FUZZY SPOT, April 2001, Crater
Crater, the Cup, is a small constellation in the southern sky adjacent to Hydra and Corvus. According to the Greco-Roman stories, the three constellations are related in the legend of the bird. Apollo send Corvus, the Crow with the Cup to fetch some pure water for a sacrifice to Jupiter. However, the Crow came upon a fig tree and dallied in its branches until the fruit had ripened. When the Crow finally came back with the Cup full of water, he also was holding Hydra, the Water Serpent, in his claws claiming that the Serpent was the cause for his delay. However Apollo was not fooled and punished the Crow by placing him in the heavens along with the Cup and the Water Serpent, such that the Crow could not dip his beak into the cooling waters of the Cup, hence the harsh, poached croaking call the Crow makes.
For such a rich story, the constellation is poor both in bright stars and in deep sky objects. It's brightest star, delta, is only magnitude 3.56. I only have one observation of a deep sky object (NGC 3962) which was needed for the Herschel-400 list. However Luginbuhl and Skiff list 9 objects visible in a 15 cm (6 inch) scope in their book "Observing Handbook and Catalog of Deep-Sky Objects", and Kepple and Sanner have a total of 18 objects in "The Night Sky Observer's Guide", of which 5 are rated "4 star" and 3 more are rated "3 star". As such, I will be focusing on these objects, and the observations taken from either of these great books will be cited.
NGC 3511 (11h03.4 -23 05) In Luginbuhl and Skiff's book, they describe it as "In 15 cm this galaxy has a low surface brightness and is difficult to view. The halo is a dim 2.5' x 1' streak elongated nearly E-W. The broad uncondensed galaxy is 4' x 1' in 25cm, elongated in pa 75 degrees. A stellaring is visible N of center, and a mag. 12.5 star lies at the E tip. 30 cm shows it 5' x 1' with a broad core and no nucleus. Three stars (including the mag. 12.5 star) are visible in the nebula: in decreasing order of brightness, they lie 1.7' E, 2.1' WSW, and 35" NE of center."
NGC 3672 (11h25.0 -09 48) In Kepple and Sanner's book, they describe this object as "8/10" Scope - 100X: NGC 3672, located 20' west of a 7.5 magnitude star, appears faint, evenly concentrated, and elongated 2.5' x 1' N-S. 12th magnitude stars are 3' WNW and 4.5' north of the galaxy. 16/18" Scopes - 150x: NGC 3672 has a fairly bright halo elongated 3.5' x 1.5' slightly NNE-SSW containing a highly extended but weak core with a stellar nucleus. The halo is flanked by 13.5 magnitude stars 2' to its west and 2.5' to its east."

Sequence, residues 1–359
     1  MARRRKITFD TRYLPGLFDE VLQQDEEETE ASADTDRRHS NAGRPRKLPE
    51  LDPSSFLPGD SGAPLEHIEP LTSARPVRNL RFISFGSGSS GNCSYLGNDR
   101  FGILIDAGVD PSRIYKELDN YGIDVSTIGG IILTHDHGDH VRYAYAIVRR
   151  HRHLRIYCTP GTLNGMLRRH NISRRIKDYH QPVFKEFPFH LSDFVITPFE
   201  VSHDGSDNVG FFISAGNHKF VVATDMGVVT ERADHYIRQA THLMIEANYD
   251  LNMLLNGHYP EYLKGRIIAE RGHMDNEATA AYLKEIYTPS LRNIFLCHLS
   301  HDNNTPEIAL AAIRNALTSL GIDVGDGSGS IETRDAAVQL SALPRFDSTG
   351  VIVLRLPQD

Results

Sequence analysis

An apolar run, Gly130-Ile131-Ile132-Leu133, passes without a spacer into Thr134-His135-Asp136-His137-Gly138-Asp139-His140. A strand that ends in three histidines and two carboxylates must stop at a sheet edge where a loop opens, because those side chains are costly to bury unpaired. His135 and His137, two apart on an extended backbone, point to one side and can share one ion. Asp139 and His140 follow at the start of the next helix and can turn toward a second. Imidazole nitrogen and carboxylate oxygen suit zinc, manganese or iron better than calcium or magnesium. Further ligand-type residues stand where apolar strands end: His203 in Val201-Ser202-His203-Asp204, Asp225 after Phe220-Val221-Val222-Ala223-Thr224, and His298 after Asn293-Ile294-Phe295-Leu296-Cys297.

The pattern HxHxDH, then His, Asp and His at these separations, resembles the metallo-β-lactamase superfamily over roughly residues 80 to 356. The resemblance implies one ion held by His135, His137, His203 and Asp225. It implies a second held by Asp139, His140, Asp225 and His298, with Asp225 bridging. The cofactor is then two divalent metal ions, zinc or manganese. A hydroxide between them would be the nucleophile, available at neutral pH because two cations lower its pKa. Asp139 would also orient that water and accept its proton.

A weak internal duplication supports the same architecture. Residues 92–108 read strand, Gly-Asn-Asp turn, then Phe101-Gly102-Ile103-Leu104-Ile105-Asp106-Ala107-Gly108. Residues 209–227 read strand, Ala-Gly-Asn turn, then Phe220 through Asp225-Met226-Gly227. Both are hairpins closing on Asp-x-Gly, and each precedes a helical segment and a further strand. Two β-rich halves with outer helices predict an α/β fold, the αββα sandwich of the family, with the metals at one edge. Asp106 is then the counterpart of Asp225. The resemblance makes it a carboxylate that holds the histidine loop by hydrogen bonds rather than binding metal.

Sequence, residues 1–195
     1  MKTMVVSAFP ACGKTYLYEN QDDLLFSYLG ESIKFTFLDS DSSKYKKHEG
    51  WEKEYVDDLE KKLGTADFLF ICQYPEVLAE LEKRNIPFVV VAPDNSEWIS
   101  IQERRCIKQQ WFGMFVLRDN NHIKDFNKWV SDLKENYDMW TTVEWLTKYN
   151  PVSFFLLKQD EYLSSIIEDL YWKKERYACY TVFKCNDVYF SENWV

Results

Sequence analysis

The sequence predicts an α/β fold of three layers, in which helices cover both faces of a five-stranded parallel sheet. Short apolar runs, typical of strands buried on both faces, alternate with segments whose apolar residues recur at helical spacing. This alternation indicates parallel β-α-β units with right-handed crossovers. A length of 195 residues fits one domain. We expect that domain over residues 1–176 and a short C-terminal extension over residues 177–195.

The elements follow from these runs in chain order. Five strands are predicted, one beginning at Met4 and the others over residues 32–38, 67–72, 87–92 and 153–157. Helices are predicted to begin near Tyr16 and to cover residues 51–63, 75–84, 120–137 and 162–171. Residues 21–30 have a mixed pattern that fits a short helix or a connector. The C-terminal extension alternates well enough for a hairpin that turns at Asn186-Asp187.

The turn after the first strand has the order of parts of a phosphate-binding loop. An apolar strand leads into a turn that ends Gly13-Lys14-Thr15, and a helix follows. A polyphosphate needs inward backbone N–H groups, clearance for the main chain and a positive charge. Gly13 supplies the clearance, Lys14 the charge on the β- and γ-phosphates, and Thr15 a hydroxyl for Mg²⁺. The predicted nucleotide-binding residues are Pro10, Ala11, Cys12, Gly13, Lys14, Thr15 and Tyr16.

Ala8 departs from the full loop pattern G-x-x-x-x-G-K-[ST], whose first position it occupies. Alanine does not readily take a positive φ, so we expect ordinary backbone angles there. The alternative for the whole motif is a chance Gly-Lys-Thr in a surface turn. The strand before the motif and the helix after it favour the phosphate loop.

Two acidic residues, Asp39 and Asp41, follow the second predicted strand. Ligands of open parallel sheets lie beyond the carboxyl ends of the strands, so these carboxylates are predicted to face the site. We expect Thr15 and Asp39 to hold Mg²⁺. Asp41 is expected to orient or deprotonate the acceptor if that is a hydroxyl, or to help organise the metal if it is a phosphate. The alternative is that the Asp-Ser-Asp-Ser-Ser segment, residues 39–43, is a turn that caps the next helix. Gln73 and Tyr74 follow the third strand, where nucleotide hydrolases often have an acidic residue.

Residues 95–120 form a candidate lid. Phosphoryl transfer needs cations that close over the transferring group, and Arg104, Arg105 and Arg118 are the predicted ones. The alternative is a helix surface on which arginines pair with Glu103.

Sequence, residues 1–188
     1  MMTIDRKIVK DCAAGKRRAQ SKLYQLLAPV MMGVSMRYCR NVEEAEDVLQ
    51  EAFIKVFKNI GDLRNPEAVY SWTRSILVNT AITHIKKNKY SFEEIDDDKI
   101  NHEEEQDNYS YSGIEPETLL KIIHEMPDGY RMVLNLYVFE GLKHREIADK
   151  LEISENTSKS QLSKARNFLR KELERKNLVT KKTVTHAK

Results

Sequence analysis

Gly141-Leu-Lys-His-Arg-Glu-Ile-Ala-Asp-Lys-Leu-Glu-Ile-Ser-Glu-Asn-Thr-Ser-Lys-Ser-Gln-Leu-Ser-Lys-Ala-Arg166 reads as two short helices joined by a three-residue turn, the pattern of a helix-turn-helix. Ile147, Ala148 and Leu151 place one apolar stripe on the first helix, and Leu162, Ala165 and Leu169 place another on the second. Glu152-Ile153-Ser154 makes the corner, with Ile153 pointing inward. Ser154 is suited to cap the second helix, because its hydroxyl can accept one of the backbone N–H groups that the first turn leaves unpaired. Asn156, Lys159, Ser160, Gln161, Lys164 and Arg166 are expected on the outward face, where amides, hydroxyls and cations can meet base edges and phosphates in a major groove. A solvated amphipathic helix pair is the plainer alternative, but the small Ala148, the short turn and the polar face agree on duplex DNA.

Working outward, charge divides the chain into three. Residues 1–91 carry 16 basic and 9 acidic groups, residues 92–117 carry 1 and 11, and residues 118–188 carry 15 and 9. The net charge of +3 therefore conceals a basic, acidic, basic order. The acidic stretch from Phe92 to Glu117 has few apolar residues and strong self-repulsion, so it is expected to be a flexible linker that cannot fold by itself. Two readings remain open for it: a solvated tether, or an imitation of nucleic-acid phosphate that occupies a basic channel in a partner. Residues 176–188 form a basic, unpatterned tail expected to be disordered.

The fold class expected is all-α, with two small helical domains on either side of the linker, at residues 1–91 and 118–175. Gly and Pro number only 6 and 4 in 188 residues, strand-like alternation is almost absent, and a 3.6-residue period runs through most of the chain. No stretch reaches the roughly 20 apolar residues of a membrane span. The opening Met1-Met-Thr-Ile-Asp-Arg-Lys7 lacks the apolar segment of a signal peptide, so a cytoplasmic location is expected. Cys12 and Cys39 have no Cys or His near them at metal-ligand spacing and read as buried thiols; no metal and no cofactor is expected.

NGC 3887 (11h47.1 -16 51) According to Luginbuhl and Skiff, this object is "In 15 cm, this galaxy is closely involved with two faint stars that make the elongation uncertain. The halo is about 3' x 2', elongated N-S. A mag. 13 star lies 1.3' NE, and a very faint star is visible 2' ENE. 25 cm shows an irregular oval outline without central brightening. The halo extends to 2.25' x 1' in pa 165 degrees. With 30 cm the almost unconcentrated halo is 3.5' x 2.25'. A darker area lies in the southern half of the core, and a faint stellar nucleus is occasionally visible in the northern half with averted vision."
NGC 3955 (11h54.0 -23 10) Luginbuhl and Skiff describe this object as "This galaxy is just visible in 15 cm 5' SW of a mag. 9 star. It is elongated approximately N-S, but needs more aperture for details. The object is small and quite elongated with 30 cm, about 1.5' x 0.5' in pa 165 degrees. Overall the halo has only a slight broad concentration to the center, where a faint nonstellar nucleus can be discerned at 250x. A threshold magnitude star lies 1' NNW."
NGC 3962 (11h54.7 -13 58) The only object in Crater that I've observed so far, at 100X in the 10" scope I saw it as pretty big, pretty bright, bright center and elongated NE/SW. No nucleus was noted. There are 3 stars nearby. It is kind of hard to find due to lack of guide stars.
NGC 3981 (11h56.1 -19 54) In Kepple and Sanner's book, this object is described as "12/14" Scopes - 125x: NGC 3981 is a faint 3' x 1' NNE-SSW streak with tapered ends and a uniform surface brightness. A 12th magnitude star is 1' ESE, a 12.5 magnitude star 2.5' east, and two 9th magnitude stars 4' NW and 5' SE , of the galaxy's center."
Herschel 400 Objects
SACs 110 Best of the NGC Objects